A brief history of Asset Based Community Development, from Hull House to today.
American Democracy expresses itself in many dichotomous ways. For instance, is our system of government a closed bureaucracy or an open network? Is the basis of democratic government empirical science or normative philosophy? Is its management top-down or from the bottom-up? Its function representative or impartially administrative? Is its aim to be efficient, or is it to be equitable? The answer, of course, is that it is all of these things.
When 26-year-old Alexis de Tocqueville came to America to study the new nation’s civic life, he recognized this dichotomous expression of Democracy in America. In his writing, Tocqueville identifies an underlying tension and necessary balance between personal freedoms and bureaucratic regulation. He calls the former “liberty” and the latter “equality.” Active citizenship, according to Tocqueville, and the local associations and bonds formed by citizens, curb excessive individualism and maintain the liberty-equality balance.
Jane Addams recognized this tension between bureaucracy and local democratic participation as well. She came of age during the American Victorian Era, US Industrialization, and the Social Gospel Movement. During this period of time local liberty was dwarfed by the rise of bureaucracy, strained city infrastructure, and the plight of immigrants and those in poverty. To address these social issues, Addams founded Hull House in Chicago, and spurred what has come to be known as the Settlement Movement. Hull house was a special brand of American ingenuity and citizenship that worked to connect the disenfranchised to resources and to their community. It was a community center that provided daycare, healthcare, and educational services for Americans of all stripes. The Settlement Movement, in turn, revolutionized the function of local government and expanded its role to support local associations and services. These programs also were the forerunners of Social Work and Community Development.
In the early 1990’s Northwestern University professors John “Jody” Kretzmann and John McKnight coined the term, Asset Based Community Development (ABCD). This new theory came out of Jane Addams’s Settlement tradition of neighborhood collaboration. The community organizers’ goal was to create space for “authentic citizen communities of care.” They recognized a distortion in American civic life: the tendency of government, welfare, and academic systems to view residents in disenfranchised communities as clients rather than citizens.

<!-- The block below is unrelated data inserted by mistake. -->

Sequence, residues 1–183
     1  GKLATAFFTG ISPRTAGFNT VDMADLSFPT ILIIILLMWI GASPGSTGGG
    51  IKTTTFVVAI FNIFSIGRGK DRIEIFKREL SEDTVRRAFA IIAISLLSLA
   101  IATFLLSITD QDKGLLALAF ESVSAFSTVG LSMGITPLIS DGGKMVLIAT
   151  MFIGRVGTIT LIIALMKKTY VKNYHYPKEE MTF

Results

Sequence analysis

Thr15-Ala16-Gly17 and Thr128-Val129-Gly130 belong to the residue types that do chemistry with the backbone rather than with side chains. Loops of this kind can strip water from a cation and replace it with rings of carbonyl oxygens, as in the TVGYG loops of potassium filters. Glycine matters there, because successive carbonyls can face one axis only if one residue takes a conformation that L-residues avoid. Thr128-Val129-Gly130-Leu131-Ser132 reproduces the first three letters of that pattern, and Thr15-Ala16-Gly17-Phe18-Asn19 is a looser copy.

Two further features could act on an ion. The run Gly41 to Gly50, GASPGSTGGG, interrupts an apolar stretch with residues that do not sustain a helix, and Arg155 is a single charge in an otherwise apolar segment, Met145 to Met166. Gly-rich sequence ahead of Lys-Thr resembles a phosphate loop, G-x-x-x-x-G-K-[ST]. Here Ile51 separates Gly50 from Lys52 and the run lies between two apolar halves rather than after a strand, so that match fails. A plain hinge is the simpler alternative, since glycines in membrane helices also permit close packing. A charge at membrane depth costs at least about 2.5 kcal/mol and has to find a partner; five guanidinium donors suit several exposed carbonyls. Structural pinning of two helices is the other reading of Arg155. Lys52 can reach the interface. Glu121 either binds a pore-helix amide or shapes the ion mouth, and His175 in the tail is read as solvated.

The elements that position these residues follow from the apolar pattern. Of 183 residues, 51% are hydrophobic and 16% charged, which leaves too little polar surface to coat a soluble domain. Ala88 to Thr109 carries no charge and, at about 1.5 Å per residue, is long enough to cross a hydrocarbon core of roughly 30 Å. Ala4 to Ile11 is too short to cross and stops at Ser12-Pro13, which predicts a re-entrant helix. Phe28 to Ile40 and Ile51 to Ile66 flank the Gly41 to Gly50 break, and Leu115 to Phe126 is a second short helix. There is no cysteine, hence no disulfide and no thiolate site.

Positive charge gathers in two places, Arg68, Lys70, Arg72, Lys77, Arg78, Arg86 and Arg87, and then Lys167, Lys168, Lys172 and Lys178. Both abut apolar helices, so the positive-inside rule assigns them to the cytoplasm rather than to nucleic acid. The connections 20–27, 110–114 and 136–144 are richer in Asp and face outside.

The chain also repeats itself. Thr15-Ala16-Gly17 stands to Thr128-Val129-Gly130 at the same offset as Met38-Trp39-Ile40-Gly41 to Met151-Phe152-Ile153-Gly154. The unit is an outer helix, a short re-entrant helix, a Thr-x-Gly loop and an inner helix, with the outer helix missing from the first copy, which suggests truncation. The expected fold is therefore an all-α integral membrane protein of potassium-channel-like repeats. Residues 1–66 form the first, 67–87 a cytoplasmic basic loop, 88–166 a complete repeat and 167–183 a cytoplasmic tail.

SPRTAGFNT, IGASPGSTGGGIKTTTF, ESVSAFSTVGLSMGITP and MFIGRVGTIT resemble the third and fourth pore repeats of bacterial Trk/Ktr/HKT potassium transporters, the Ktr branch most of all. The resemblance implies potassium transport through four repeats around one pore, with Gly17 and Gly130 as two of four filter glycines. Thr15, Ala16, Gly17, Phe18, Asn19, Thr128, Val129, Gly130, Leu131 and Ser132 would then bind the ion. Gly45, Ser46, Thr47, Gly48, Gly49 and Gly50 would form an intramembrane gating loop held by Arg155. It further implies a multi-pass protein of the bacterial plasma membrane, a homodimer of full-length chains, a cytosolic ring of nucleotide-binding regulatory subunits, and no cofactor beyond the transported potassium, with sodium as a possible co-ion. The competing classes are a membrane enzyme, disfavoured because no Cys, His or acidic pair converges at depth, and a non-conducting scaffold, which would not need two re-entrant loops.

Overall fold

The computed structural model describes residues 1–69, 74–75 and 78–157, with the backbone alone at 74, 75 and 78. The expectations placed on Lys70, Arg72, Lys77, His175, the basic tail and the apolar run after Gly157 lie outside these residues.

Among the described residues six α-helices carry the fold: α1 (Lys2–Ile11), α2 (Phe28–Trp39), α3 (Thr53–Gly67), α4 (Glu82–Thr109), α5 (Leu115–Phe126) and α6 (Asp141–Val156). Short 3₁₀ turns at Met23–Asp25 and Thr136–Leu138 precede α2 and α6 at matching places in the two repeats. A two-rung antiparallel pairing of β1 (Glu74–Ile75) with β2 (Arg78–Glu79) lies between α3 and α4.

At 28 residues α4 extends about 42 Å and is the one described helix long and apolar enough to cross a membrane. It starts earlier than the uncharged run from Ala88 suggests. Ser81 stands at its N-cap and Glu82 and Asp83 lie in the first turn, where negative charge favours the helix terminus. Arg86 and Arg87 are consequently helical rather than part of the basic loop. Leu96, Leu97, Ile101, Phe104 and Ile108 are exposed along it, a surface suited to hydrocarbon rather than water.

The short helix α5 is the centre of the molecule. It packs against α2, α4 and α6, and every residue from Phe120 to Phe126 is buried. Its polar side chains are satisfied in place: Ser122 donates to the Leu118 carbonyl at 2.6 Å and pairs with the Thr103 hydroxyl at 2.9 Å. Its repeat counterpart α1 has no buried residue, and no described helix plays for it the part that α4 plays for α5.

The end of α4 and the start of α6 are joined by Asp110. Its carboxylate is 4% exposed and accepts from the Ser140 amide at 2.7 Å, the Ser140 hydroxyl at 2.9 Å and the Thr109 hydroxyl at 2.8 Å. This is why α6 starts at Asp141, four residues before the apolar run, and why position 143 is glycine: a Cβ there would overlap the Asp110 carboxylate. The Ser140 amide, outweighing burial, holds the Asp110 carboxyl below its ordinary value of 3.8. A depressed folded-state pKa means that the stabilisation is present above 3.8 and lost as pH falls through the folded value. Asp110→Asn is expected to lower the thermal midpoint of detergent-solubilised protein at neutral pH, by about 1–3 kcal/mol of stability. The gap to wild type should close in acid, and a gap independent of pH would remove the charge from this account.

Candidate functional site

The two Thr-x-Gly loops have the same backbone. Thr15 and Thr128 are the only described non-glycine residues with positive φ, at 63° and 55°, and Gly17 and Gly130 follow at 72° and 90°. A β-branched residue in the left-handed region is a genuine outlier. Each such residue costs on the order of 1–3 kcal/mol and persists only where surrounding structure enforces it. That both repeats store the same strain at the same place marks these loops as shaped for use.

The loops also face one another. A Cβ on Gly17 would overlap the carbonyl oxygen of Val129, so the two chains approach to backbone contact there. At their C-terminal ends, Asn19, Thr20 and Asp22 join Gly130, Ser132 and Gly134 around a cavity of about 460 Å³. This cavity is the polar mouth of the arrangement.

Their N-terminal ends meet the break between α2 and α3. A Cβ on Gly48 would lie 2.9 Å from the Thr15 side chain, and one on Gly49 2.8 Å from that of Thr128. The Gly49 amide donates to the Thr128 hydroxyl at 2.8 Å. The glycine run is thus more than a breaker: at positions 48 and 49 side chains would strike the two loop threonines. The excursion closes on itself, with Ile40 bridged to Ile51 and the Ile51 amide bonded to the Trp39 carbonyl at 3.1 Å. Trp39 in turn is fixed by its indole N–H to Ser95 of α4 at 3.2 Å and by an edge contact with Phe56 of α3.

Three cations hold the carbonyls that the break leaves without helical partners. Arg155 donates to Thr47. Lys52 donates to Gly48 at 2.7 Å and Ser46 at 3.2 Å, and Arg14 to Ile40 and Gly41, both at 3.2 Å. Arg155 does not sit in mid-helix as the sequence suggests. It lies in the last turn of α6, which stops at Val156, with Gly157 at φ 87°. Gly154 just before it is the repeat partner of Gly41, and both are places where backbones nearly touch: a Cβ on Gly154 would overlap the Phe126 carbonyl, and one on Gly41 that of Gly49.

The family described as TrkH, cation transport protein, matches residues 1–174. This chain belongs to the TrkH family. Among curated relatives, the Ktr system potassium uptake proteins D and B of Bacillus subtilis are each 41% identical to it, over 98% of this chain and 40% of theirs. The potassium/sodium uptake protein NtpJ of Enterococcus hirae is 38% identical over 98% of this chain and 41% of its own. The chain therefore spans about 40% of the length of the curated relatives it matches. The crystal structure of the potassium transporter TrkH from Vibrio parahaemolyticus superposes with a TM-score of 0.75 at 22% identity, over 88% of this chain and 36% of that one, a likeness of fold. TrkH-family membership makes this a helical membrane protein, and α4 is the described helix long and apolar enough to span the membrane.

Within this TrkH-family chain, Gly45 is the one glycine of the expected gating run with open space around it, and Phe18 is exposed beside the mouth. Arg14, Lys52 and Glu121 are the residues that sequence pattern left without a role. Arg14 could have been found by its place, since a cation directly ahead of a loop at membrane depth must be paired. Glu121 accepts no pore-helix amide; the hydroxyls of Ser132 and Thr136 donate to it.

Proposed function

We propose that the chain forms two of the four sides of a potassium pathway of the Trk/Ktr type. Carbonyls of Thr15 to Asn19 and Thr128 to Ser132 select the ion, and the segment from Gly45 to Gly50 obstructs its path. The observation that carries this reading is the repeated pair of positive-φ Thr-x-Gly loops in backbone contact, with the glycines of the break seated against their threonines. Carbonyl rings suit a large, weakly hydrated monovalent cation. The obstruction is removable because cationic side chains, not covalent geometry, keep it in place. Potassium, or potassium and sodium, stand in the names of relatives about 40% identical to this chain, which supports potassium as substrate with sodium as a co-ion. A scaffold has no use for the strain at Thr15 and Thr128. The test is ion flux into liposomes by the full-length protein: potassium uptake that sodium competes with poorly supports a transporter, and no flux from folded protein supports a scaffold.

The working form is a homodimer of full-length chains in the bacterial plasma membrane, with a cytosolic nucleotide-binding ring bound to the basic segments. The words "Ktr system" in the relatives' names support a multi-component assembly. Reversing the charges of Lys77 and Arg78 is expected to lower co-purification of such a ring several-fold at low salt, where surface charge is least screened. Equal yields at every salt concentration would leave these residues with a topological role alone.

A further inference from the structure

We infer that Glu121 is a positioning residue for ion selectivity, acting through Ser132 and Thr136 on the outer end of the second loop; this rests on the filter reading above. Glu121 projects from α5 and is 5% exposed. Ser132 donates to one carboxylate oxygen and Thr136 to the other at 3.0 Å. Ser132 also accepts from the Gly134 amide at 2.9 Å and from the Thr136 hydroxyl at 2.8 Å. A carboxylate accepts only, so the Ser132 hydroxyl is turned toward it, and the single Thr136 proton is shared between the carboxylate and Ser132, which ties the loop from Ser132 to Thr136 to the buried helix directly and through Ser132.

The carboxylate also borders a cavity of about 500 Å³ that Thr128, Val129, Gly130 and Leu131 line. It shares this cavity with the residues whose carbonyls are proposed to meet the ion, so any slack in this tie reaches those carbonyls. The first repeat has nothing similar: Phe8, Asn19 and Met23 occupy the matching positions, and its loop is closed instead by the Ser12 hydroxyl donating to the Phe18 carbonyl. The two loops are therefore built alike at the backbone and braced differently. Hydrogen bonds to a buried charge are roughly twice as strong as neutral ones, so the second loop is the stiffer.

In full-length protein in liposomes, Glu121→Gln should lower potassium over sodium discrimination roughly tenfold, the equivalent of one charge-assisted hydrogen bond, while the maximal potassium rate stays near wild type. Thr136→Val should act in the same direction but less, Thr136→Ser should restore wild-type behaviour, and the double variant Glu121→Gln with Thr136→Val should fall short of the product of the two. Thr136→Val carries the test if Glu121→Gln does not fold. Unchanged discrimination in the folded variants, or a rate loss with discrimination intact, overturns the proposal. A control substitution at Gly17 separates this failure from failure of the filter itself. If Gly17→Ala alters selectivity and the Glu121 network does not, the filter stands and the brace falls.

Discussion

Rather than an unbalanced focus on community problems, why not focus on assets?
Why not emphasize the talents of local residents and the connections and resources of local associations, organizations, and institutions that reside within the community? Outside institutions must step back to provide the space for active citizenship and the exercise of local liberty, because sustainable development is citizen-driven and participatory. When citizens have the opportunity to come together, identify local assets, and deliberate about what can be done for their community, democracy is fulfilled at the local level.
Today many Americans overlook the importance of active citizenship at the local level. Citizens focus a great deal on the federal government, at the expense of local community systems and civic infrastructure. To reinvigorate active citizenship and invest in civic education across Alabama, we must begin identifying our assets on a block-by-block basis. By focusing on what we already love about our communities, we can leverage our existing assets and begin to create the kind of world we want to live in–for ourselves and for our communities.
Written by Laura Vickery, Civic Fellow